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Stay Safe with the Heat

            August is just around the corner and, let's face it, our latest heat wave left most of us longing for September.  But, that's another month away.

            This is the same heat we lived through back in the 1950's and 1960's.  Most of us worked, played and endured five or six heat waves each summer without the luxury of air-conditioning.  All right, today many declare it a necessity.

            According to the American Red Cross, extreme heat is the most dangerous type of severe-weather event in the U.S.  But, like many severe weather events we can take action to prepare for extreme heat events and related power outages.  

            The Red Cross suggests that you Gather food, water, and medicine in advance because stores and pharmacies might be closed. Organize your supplies into a Go-Kit and a Stay-at-Home Kit.

            A Go-Kit should have three days of supplies that you can easily carry with you.  A Stay-at-Home Kit should have two weeks of supplies if you need to stay at home.  Also, have a 1-month supply of medication in a child-proof container. In addition, keep your personal, financial, and medical records safe.

            Once the heatwave is here, Drink plenty of non-alcoholic, non-caffeinated beverages; Wear lightweight, light-colored, loose-fitting clothing; If at all possible, try to get outdoor work completed in the morning to avoid the warmest part of the day; Keep windows and interior doors open when running a fan at home; Keep cool by seeking an air-conditioned building, such as a mall, library, or senior center if available. If not, seek rest in the shade; don't use an electric fan when the indoor air temperature is over 95°F and use your stove and oven less.

            Heat cramps, heat exhaustion, or heat strokes can be brought on during extreme heat.

            Heat cramps are muscle spasms, often in the abdomen, arms or calves, caused by a large loss of salt and water in the body.  If you experiencing heavy sweating and have muscle pain or spasms, stop physical activity and move to a cool place.  Then, have drink water or a sports drink and wait for the cramps to go away before resuming physical activity.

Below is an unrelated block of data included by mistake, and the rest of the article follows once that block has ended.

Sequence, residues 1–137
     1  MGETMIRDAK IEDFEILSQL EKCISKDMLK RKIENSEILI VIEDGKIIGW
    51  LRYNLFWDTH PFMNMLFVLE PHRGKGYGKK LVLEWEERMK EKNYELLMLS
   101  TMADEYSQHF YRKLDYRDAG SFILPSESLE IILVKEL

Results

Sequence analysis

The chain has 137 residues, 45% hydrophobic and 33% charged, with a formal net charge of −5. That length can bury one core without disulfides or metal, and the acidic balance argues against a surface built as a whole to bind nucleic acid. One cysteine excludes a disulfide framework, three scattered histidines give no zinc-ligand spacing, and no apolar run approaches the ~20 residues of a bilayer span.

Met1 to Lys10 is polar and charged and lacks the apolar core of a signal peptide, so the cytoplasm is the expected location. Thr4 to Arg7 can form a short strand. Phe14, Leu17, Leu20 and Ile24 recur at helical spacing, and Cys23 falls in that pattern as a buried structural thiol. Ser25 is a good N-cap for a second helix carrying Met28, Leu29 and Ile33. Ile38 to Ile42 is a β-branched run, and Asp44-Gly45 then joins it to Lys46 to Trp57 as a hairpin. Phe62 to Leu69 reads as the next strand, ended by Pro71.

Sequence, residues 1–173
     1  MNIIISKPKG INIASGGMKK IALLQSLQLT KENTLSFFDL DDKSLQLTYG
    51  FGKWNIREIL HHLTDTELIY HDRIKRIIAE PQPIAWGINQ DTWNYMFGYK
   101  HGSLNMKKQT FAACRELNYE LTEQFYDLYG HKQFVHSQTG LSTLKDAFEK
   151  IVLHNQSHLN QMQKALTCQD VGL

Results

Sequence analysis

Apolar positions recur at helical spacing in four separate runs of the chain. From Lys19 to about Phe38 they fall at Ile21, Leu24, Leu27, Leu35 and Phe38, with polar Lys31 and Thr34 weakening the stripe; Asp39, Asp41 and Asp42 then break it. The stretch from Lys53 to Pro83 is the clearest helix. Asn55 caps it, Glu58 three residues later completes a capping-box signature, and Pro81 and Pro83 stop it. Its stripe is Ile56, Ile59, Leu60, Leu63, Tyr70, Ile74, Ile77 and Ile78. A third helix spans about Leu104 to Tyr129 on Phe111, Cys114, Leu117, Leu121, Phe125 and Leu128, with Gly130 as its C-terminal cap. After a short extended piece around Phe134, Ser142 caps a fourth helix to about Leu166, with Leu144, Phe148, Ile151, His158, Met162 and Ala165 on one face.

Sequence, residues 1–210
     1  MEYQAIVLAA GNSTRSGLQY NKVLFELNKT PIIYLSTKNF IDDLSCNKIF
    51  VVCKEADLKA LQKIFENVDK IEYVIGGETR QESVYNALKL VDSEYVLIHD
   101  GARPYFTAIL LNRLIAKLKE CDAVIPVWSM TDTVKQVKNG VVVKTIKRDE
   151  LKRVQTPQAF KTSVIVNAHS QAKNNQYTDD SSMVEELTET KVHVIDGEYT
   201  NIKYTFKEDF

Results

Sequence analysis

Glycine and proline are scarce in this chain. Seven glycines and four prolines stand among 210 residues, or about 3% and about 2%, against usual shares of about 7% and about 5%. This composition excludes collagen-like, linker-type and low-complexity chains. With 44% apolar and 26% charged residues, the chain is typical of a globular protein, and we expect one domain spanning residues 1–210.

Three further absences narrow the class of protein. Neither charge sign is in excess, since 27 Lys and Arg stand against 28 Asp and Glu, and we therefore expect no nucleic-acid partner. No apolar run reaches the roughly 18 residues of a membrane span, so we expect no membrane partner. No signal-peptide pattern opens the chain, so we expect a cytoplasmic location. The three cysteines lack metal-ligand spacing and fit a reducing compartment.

If the cramps last longer than 1 hour, seek medical help.

            Heat exhaustion is a severe heat-related illness requiring emergency medical treatment.  Symptoms include: Heavy sweating, cold, pale and clammy skin; Fast, weak pulse; Nausea or vomiting; Muscle cramps; Tiredness or weakness; Dizziness; Headache; and brief fainting.  If you feel heat exhaustion coming on, get to a cool place; Loosen clothes; Put wet cloths on youself, use misting and fanning, or take a cool bath; and sip water. Get medical help right away if: Vomiting occurs; Symptoms get worse; Symptoms last longer than 1 hour; or confusion develops

            A Heat stroke is the most serious medical condition caused by extreme heat. It requires immediate emergency treatment. It can result in death without immediate medical attention.

            Tell-tale signs include high body temperature (104°F or higher); Hot, red, dry or damp skin; Fast, strong pulse; Headache; Dizziness; Nausea; Confusion; and losing consciousness (passing out).

            If you or someone you know is experiencing heat stroke, call 911 right away then: Get to a cooler place;  Help lower the temperature with a cool or cold bath, misting, fanning or applying cool cloths, if a bath is not available; and do not give the person anything to drink.

            Stay safe.







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